The award aims to put the employee into the position they would have been in had the discrimination not taken place.

Financial loss

To assess the financial losses we considered our client’s losses since the first act of discrimination, up to a possible court hearing date.

To assess the financial losses we looked at her loss of current salary and bonus entitlement. We also looked at the loss of her benefits and pension contributions. The assessment is also forward looking and will consider future losses. Future losses take into account how long it would take our client to find alternative suitable work.

Non-financial loss

Compensation for discrimination may also include an element for injury to feelings. This is separate to an award for financial loss. We advised our client that she could also recover additional costs under this.

Based on case law we were able to provide an indication of what this could amount to.

Settlement agreement approach

We drafted a grievance setting out our client’s complaints. We commenced it in parallel without prejudice discussions. Our client, like many of our clients, did not want to take the Bank to the Employment Tribunal.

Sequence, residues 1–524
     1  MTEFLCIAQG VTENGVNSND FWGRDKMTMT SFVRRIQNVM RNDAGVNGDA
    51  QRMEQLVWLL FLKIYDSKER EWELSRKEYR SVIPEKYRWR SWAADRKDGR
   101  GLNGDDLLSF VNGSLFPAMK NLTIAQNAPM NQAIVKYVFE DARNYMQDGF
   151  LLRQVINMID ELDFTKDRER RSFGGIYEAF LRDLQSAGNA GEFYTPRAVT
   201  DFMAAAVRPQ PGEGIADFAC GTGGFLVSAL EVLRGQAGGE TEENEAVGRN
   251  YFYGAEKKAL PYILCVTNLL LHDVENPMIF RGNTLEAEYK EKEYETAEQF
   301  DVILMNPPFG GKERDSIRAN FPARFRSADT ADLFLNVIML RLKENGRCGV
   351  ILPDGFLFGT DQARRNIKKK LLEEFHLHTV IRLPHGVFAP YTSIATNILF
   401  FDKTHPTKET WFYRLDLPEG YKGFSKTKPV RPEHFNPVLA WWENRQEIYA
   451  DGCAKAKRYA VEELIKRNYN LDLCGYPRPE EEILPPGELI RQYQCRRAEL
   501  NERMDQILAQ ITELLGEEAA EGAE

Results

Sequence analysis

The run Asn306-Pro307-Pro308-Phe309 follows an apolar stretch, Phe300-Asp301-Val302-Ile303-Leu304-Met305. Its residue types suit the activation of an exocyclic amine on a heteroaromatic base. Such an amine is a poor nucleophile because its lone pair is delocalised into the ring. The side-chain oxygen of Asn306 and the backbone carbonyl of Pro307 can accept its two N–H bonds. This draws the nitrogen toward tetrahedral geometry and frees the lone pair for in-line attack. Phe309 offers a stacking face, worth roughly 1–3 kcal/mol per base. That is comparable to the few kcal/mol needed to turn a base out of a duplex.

On a without prejudice basis we requested a significant increase in compensation to reflect the losses. The employer responded by saying that the sum on offer was non-negotiable.

Final settlement compromise agreement offer

Without prejudice negotiations continued for some weeks. Each offer made by the investment bank was an improvement on the previous offer. The bank expressed each offer as their “final offer”. We kept on negotiating. Our assessment left no stone unturned. By the time we reached the final stages the bank knew the potential claim for damages had become more substantial. Our client received a significantly increased compensation payment.

Employers usually want to avoid court action. A comprehensive claim and assessment of compensation often focuses their mind. This can lead to settlement on better terms than initially offered.


Sunita Sharma

Manages to explain difficult concepts in easy to understand language. In tune with her clients.